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The Seven Rules About Taking Career Tests

1. There is no one test that everyone loves. To begin with, some people hate all tests. Period. End of story. Forcing these tests on your best friend (if they feel this way) could lead to your premature demise.

Other people like tests, but hate particular kinds of questions. For example, some people dislike "forced-choice questions," where they must pick between two choices that are equally bad, in their view. Other people dislike "ranking yourself against others" questions, because, with their low self-esteem, they rank themselves poorly in comparison with "others" in almost everything. Other people don't like "pick occupations you like" questions, because they've learned by experience that all occupations, as commonly practiced, are a mixture of good and bad, and they keep thinking of the bad stuff, when each occupation is mentioned. Other people don't like questions about how they would behave in certain situations, because they tend to pick how they wish they would behave, rather than how in fact they actually do.

Hence, the form of a test has to feel right to the individual who is taking it. With tests, as with so many other things in life, "one man's meat is another man's poison."

2. There is no one test that always gives better results than others. You may take a test that gives wonderful suggestions for future careers, but when your best friend takes the same test, their results may be way off the mark – and you are dismayed. Tests have personality – and with respect to a given test, one person will love its look, feel, taste, and touch, while another person will hate it on sight. And, unfortunately, how one feels about a test will definitely skew your results.

3. No test should necessarily be assumed to be accurate. We turn to tests with the hope that someone can definitely tell us who we are and what we should do; and we think a test will do that. No, no, no. You can't say, "Well this must be who I am; the test says so. " Test results are sometimes way off the mark. On many online (and offline) tests, if you answer even two questions inaccurately, you will get completely wrong results and recommendations. I know countless sad stories about people whose lives were sent down a completely wrong path by test 'results' that they believed when they shouldn't have. You should take all test results with not just a grain of salt, but with a barrel.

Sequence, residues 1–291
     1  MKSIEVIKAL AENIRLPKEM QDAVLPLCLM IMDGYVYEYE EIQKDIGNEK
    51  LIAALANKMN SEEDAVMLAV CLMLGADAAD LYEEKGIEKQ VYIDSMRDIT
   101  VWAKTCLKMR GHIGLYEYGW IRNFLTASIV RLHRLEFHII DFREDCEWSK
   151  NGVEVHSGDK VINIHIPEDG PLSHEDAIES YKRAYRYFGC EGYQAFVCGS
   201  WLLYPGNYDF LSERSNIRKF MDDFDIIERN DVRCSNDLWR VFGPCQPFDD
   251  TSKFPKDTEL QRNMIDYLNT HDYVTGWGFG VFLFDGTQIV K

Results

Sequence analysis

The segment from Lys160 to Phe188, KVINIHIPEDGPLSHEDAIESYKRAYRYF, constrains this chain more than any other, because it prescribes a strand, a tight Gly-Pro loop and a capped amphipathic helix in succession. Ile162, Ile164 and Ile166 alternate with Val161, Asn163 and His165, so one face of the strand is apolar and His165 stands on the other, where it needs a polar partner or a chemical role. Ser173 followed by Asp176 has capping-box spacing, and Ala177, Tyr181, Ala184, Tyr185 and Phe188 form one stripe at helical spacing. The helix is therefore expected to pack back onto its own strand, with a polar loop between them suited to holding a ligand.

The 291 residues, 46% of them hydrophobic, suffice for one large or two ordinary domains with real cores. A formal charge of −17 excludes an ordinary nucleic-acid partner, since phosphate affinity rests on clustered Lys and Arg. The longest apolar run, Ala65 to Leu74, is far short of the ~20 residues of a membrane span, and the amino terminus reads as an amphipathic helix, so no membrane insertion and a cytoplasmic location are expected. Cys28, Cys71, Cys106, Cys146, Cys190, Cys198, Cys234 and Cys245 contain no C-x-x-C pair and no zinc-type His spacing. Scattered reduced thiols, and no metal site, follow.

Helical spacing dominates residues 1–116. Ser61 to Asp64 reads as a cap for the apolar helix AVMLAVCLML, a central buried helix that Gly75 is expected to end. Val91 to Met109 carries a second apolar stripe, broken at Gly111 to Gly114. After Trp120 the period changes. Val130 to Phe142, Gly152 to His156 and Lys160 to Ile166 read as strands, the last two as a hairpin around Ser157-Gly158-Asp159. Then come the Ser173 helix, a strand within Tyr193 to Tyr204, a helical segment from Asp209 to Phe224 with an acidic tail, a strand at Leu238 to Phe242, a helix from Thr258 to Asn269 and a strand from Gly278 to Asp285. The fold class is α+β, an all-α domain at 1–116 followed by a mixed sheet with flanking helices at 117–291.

Tests have one great mission and purpose: To give you ideas you hadn't thought of, and suggestions worth following up. But if you ask them to do more than that, you're asking too much.

4. You should take several tests, rather than just one. You will get a much better picture of your preferences, profile, and good career suggestions from three or more tests, rather than just one. It's the old idea, since at least the time of the Second World War of 'triangulating' the source of a transmission. You need to 'triangulate' your test "profiles," in order to find your true self.

5. Always let your intuition be your guide. You know more about yourself than any test does. Treat no test outcome as 'gospel'; reject the summary the test gives you, if it just seems dead wrong to you. Trust your intuition. On the other hand, if you really like the suggestions a test gives you, don't agonize about whether those suggestions are worth tracking down – just do it. Always listen to your heart.

6. Don't let tests make you forget that you are absolutely unique on the face of the earth – as your fingerprints attest. There is a sense in which all tests tend toward one unvarying result: Because they deal in categories, they don't really tell you what's unique about you, but rather they tend to end up saying "you are an ENFP," or "you are an AES," or you are a "Blue." It's 'a category they're talking about, but I like to think of it as a 'tribe, – you are lumped with a lot of other people – and sometimes it is even the wrong tribe.

Job expert Clara Horvath puts it well: Career counseling at its best – person to person, face to face – treats you not as a member of some category or 'tribe' but as a unique job seeker, seeking to conduct a unique job hunt, by identifying a unique career and then connecting with a unique company or organization, that you can uniquely help or serve.

7. You are never finished with a test until you've done some good hard thinking about yourself. Tests are fun, but just reading the results isn't enough. You're not done until you've thought hard about what distinguishes you from every other member of the human race, and makes you (like your fingerprints) unique. With that knowledge, you can then set out to find the work you were uniquely put here on earth to do, i.e., your unique mission in life. Without that hard thinking, tests become just "a flytrap for the lazy."

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